Thousands of families affected by the collapse of the Farepak hamper firm are unlikely to receive any goods, after a last-minute rescue plan failed.
The firm collapsed in October
It was hoped a "goodwill gesture payment" by the British Retail Consortium (BRC) would help customers.
But the BRC said the situation was far more complicated than expected and a solution by Christmas was unlikely.
Swindon-based Farepack ran a savings scheme for an estimated 150,000 people for vouchers and Christmas hamper.
Some of those affected are understood to have saved up thousands of pounds.
On Thursday, Parliament called on the Serious Fraud Squad to examine the Farepak collapse, but it was hoped the BRC would offer a lifeline to struggling families.
But, the consortium, which represents UK retailers, said it had "discounted attempts" to find a workable solution to the problem.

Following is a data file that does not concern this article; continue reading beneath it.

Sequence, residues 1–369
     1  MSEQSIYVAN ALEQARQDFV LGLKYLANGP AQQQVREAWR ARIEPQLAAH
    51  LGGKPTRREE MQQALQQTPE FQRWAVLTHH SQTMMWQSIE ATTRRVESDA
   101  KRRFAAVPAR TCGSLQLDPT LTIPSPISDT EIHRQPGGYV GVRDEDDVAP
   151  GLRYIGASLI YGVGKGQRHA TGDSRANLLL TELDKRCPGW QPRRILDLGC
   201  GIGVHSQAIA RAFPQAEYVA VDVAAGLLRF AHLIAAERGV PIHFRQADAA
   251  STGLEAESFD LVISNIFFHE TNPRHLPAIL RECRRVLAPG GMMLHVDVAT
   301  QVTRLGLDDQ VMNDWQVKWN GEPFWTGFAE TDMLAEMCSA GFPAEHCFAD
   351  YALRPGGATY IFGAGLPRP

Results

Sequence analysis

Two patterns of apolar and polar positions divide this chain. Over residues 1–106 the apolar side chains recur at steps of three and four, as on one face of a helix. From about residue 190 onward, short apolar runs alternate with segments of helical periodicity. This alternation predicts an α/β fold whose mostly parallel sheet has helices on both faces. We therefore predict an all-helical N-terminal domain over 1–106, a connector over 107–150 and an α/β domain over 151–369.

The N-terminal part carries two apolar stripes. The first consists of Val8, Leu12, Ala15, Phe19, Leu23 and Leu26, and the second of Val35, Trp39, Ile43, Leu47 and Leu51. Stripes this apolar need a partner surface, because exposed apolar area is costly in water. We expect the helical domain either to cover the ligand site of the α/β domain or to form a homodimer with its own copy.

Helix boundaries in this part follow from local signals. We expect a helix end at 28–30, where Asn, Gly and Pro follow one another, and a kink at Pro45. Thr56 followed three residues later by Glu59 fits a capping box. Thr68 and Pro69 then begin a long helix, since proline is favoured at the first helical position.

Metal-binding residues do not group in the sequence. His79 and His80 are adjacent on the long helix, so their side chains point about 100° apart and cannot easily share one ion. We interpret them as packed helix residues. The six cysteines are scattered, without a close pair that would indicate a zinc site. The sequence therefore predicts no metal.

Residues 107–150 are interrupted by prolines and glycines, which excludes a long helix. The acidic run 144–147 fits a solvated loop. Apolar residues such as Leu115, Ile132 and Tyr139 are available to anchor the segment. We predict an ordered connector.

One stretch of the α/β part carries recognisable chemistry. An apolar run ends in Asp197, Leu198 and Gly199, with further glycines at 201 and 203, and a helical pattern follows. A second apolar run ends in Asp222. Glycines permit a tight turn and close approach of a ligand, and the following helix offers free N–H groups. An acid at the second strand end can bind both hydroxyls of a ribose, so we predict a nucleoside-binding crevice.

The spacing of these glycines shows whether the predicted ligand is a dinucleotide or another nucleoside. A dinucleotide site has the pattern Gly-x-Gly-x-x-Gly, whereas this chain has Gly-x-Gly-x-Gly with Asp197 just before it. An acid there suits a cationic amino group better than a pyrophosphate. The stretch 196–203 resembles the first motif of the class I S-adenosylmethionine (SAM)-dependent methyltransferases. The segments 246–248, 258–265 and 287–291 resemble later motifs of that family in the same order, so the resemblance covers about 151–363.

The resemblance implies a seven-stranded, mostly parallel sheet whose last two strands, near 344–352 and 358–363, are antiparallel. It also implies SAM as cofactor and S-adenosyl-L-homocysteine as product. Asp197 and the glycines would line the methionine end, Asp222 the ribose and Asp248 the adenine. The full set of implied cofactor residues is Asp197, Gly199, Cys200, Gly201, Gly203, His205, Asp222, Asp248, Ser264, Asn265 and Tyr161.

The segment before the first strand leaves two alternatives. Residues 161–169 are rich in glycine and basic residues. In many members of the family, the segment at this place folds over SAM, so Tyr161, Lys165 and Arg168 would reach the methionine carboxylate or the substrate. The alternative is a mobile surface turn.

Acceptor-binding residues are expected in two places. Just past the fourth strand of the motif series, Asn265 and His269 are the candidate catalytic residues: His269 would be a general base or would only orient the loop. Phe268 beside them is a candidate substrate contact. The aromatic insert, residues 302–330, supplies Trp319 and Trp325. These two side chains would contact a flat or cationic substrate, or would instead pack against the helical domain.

A BRC spokesman said: "After intensive discussions with retailers, the Farepak administrators and other interested parties, the consortium has reluctantly concluded any meaningful goodwill gesture it can make is unlikely to meet the criteria of being simple, fraud-free, not derisory and deliverable before Christmas."
It insisted members would be willing to consider supporting an alternative proposal if anyone else could come up with a plan.
The BRC explained Farepak did not have a central database of customers and available information was neither reliable nor comprehensive.
It also needed to find a far greater amount of money to compensate victims than had first been anticipated.
The spokesman added: "The BRC has decided that it would be better to discontinue its efforts now rather than allow the situation to drag on for the next few weeks with no real possibility of ultimate success."
Administrators said that no orders will be fulfilled after the company was taken into administration on 13 October.